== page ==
The Botswana Exporters Association of Botswana (BEMA) has urged a sea change to refine trade policies in a bid to make them more protective of local industries.
The body that represents manufacturers say programmes such as Economic Diversification Drive (EDD) and Citizen Economic Empowerment (CEE) policies, trade policies and Industrial development legislation must be cohesive, effective and in line with the current state and maturity of the local industry.
BEMA President Nkosi Mwaba told Sunday Standard on Friday that their members are concerned that is almost impossible for Botswana companies to win tenders in South Africa and yet foreign companies are having field day here.
“SACU countries for instance, have a mixture of restrictive and free trade policies and these are designed by each member state to protect their own enterprises and thereby promote industrialisation,” he said.
“Botswana needs to consider taking a harder stance on the structure of its trade policies in relation to regional trends and recognise that industries amongst regional trade member states have not matured at the same rate.”
According to Mwaba, their members also face internal challenges that are brought about by local procurement processes, codes and documents within the tendering processes. For example, he highlighted that some BEMA members who are bona fide, registered and qualified manufacturers lose tenders to traders, agents and fly-by-nights as a result.
“This happens despite the fact that certain tenders are reserved for manufacturers or producers,” he said.
“We strongly believe that the PPADB has to play a more prominent and meaningful role in promoting local beneficiation and industrial growth by addressing current loopholes in the process.”
“We have instances where some BEMA members have qualified for tenders in South Africa and have lost out on these bids simply because they did not meet the BEE requirements. Policies similar to BEE in South Africa are inclined towards promoting participation of SA companies and encourage growth of their local industry.”
He argued that in quest to attract Foreign Direct Investment (FDI), one must remember that current players in the industry are also potential investors in their own growth and thereby in the growth of the economy.
He said there is extensive effort and expenditure in programmes that attract FDI in the form of new investments.
“Our sentiments as BEMA are that existing businesses must be awarded similar effort in order to encourage growth and export development. We should be concerned about the industries that are failing and enterprises that are shutting down within Botswana and similarly, make an elevated effort to ensure their survival and competitiveness.”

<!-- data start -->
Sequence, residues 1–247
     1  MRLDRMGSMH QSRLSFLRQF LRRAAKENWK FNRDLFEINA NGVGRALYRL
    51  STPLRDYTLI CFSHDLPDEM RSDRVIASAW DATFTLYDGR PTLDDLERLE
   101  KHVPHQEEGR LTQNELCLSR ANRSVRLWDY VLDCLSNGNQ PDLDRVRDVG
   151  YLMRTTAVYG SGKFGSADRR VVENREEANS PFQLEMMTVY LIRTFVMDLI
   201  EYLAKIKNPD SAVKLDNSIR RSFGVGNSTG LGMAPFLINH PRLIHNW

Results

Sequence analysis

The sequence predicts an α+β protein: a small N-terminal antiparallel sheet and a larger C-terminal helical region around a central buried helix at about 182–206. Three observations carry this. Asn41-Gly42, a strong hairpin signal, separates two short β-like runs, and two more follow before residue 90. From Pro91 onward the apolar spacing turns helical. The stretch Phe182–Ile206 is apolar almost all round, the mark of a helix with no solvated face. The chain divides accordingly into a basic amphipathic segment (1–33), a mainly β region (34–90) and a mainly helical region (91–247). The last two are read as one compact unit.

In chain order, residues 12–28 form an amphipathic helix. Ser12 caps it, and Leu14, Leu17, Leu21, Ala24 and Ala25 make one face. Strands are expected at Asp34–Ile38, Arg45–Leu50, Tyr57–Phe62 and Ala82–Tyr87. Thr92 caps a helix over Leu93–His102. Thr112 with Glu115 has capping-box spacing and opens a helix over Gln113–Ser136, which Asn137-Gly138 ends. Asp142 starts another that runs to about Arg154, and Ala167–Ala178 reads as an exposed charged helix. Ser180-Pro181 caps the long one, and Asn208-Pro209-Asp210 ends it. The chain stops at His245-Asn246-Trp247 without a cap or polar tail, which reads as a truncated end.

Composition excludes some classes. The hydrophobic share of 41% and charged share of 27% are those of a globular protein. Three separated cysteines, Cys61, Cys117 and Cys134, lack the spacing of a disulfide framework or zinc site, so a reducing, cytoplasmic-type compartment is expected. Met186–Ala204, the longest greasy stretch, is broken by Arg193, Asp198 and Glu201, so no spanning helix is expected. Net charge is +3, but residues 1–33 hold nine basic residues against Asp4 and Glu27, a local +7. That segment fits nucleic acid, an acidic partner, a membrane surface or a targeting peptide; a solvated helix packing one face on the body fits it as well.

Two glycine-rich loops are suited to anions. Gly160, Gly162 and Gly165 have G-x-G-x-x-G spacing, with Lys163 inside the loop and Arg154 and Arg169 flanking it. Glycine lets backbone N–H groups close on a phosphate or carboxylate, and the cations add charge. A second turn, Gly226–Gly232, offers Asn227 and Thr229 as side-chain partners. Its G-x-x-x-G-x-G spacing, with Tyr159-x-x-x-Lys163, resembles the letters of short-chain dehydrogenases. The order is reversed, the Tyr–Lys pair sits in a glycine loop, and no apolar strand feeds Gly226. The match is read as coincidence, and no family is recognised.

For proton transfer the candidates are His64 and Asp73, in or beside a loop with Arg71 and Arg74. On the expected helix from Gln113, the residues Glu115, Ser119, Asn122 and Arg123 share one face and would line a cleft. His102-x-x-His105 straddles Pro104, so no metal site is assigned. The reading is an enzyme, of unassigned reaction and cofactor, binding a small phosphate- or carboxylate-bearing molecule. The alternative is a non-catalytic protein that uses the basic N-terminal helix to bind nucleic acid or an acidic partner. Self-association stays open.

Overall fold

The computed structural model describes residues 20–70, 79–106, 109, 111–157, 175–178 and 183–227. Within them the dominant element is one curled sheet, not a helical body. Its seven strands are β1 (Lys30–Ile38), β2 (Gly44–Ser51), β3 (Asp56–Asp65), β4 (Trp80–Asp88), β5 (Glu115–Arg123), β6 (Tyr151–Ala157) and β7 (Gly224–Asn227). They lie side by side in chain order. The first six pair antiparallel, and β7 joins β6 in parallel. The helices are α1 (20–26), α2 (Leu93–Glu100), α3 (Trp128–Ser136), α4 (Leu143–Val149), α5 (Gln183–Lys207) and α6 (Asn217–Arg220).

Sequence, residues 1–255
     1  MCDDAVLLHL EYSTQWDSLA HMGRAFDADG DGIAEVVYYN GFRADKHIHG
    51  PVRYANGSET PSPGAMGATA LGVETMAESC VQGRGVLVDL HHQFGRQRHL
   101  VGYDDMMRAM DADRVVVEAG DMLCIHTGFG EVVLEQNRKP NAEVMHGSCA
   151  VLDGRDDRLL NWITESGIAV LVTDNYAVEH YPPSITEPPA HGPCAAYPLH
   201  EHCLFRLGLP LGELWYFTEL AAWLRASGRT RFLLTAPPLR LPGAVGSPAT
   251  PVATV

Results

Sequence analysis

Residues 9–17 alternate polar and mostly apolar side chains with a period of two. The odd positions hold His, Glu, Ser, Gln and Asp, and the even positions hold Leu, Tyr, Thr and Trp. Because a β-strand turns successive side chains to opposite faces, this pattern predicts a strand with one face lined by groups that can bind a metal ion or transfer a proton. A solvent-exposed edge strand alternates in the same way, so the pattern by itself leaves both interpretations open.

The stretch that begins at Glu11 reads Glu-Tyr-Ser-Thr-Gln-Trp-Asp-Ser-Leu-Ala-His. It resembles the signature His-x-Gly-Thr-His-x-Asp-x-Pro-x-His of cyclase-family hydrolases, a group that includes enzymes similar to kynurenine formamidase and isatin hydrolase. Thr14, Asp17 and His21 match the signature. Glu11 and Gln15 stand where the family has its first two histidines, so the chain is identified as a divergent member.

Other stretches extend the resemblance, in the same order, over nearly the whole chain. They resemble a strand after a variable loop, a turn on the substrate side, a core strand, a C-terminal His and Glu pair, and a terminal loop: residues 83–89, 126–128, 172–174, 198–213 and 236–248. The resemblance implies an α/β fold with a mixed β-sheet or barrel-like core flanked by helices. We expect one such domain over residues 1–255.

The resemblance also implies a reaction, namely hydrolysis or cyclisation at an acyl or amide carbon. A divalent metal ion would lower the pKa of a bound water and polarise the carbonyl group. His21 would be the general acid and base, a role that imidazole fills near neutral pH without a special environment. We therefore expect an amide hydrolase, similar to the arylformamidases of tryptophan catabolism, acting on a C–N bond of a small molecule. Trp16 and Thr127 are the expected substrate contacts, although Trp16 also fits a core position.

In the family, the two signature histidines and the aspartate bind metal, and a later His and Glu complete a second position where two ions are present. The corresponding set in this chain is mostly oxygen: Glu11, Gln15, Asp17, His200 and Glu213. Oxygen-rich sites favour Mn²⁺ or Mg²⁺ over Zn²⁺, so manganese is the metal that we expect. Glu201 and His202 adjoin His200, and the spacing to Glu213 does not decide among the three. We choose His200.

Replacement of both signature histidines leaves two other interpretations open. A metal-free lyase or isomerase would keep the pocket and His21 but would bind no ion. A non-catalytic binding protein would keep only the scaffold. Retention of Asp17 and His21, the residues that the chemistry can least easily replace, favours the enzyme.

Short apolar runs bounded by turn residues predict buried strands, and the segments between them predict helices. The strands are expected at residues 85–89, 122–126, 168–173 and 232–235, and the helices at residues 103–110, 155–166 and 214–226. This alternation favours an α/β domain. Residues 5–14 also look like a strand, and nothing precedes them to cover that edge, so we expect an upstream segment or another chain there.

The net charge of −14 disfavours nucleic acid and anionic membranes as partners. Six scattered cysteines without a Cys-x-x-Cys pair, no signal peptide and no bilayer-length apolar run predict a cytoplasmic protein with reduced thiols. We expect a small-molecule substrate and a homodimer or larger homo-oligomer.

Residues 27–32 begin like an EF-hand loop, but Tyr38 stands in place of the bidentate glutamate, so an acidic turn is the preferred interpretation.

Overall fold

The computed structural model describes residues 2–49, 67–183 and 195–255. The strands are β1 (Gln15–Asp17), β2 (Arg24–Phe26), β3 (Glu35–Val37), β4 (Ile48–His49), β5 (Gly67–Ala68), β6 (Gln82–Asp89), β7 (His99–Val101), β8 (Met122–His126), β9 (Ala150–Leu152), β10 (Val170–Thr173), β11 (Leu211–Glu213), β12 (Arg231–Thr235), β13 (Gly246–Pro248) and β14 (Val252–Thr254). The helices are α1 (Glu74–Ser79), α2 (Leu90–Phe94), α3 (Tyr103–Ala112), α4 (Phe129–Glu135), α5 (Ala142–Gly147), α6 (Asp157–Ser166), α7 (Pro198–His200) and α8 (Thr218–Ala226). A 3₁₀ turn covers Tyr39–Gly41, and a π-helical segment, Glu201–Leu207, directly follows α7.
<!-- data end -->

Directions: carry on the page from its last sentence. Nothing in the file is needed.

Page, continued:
BEMA however is supportive of EDD, which they argue is an excellent programme in principle and that it is encouraging that Government comes up with such tools to boost diversification efforts.
Mwaba said with the country’s buying power averaging P20 billion per annum, the efficient implementation and management of such programmes and policies is critical. However, he said they are worried by mismatch between imports and exports which paints a clear picture of how much work still needs to be done within the local manufacturing industry to enable meaningful diversification through exports.
Latest export statistics show that 80 percent of Botswana’s exports were diamonds whereas Copper and Nickel contributed another 10 percent of our export bill. This means 90 percent of exports are derived from mining and minerals. Botswana’s export bill for this period was just over P66 billion.
Mwaba said BEMA has formulated a roadmap that will see the effective implementation of a new direction the Association is taking in addressing member concerns.
“We have identified key enablers and strategic partners who we will work closely with to share experiences and find mutual ground in building a more robust public private partnership in developing Botswana’s industries,” he revealed.
“We are confident that the efforts from both sides of the table will see local producers and exporters build companies that will bring about a more positive impact on the economy of Botswana.”